Zine Watch: 62nd Floor

Editor Ian Cole on the fine line between artful nudity and running a lads magazine

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"This isn’t a lads mag,” says Ian Cole, creator of 62nd Floor, when we point out there’s a lot of semi-naked girls in his art zine, a collaborative project with April-Lea Hutchinson. “I believe the people who look at these images are more sensible and think ‘that’s beautiful’ or ‘she’s beautiful’ rather than ‘coorrrr, she’s fit!’ He also points out that we're just as likely to see a photo of a lampost or bike. Initially training as a graphic designer, Cole taught himself photography five years ago. Since then he has worked with Topman as well as modelling agencies, and produced images which have earned him millions of hits on the various publications he curates and shoots for. You’d think then he might be pretty forward thinking when it comes to the art of zine making, but actually the opposite is true. 62nd Floor only features analogue photographers for starters...

If I find a photographer who’s work is special, I can spend hours looking at it and that is how it should be. I find that really good photographers are generally really good people with integrity - and this is something I look for

Dazed Digital: Why do you think zines have made a come back in recent years?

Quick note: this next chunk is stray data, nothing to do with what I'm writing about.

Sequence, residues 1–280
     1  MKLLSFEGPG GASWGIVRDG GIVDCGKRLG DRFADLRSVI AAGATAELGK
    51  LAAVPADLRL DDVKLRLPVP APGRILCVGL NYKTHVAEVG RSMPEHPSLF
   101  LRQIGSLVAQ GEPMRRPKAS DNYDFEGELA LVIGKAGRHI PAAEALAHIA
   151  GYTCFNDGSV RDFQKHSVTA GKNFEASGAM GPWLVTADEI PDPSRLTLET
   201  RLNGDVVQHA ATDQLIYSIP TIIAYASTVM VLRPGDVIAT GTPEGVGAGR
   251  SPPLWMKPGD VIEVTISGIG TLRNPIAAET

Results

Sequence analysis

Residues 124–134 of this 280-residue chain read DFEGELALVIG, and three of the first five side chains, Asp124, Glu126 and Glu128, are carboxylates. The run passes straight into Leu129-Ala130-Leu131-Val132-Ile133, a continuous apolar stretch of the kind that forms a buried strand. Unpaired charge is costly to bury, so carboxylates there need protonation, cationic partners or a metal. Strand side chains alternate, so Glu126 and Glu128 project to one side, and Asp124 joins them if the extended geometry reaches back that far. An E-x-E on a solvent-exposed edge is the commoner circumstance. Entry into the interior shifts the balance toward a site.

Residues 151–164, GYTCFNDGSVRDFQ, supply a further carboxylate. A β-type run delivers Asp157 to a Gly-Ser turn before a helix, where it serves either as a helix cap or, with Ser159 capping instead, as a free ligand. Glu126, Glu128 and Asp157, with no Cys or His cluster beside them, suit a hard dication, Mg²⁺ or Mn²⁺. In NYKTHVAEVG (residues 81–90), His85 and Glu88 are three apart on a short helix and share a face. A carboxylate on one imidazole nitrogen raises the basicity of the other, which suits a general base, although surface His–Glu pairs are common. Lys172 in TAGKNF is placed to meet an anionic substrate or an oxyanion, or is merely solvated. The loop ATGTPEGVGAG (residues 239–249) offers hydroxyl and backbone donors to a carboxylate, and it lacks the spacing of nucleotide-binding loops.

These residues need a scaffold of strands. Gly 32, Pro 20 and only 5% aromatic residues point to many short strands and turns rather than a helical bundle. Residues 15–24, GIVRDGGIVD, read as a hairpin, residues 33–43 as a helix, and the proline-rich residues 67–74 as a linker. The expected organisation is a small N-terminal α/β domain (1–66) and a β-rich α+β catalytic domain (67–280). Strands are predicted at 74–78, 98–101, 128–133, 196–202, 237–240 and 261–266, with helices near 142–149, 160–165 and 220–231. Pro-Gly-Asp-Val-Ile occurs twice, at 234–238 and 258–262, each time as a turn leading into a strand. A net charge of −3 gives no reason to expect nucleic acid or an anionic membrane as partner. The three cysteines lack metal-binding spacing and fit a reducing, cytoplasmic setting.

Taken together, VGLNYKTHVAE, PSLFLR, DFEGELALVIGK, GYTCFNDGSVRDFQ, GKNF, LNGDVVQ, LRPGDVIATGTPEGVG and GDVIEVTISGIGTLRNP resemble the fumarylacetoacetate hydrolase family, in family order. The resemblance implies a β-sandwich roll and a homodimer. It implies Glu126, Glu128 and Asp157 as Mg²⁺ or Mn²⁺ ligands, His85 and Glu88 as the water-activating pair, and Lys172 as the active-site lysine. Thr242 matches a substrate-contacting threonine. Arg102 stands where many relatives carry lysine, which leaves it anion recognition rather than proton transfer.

Ian Cole:
I think with the internet and on-demand printing, the market has been polluted with publications that call themselves 'magazines'. This has commercialised the ‘art’ somewhat and I feel it has pushed many real artists underground, where the 'zine' has flourished. Good zines are personal and limited edition. I think it’s much better for people to discover what you’re doing rather than ram it down their throats. If you get it right, you will be found.

DD: Quite a few of the images are of women, half dressed women, how do you explain that?
Ian Cole: Because sex sells and I find art-nudes are far more alluring than fashion nudes. In all fairness you’re just as likely to see a picture of an old lamp-post or a bike! In fact the first issue was dedicated to shooting everyday things, like cups, saucers and phone boxes. If the image is good, it can still be sexy and appeal to both men and women who appreciate the female form. Plus I am VERY selective about who shoots for us when it comes to models. 

DD: What do you look for in a photographer?
Ian Cole: First of all, they have to be artists. I get emailed portfolios every day and it drains me of energy when I see technically correct images that have no soul. If I find a photographer who’s work is special, I can spend hours looking at it and that is how it should be. I find that really good photographers are generally really good people with integrity - and this is something I look for. A bad attitude puts me right off. Being talented, humble and like-minded is a winner for me. Real people just get on with it.

DD: Can you highlight some photographers you think we should watch out for in the future?
Ian Cole: Jeff Hahn from London is super-talented, as is Barbara Anastacio, Leonn Ward and one of my favourites is an infamous analogue photographer known as The Gentleman Amateur, who we have published a number of times. 

The 4th issue is out now

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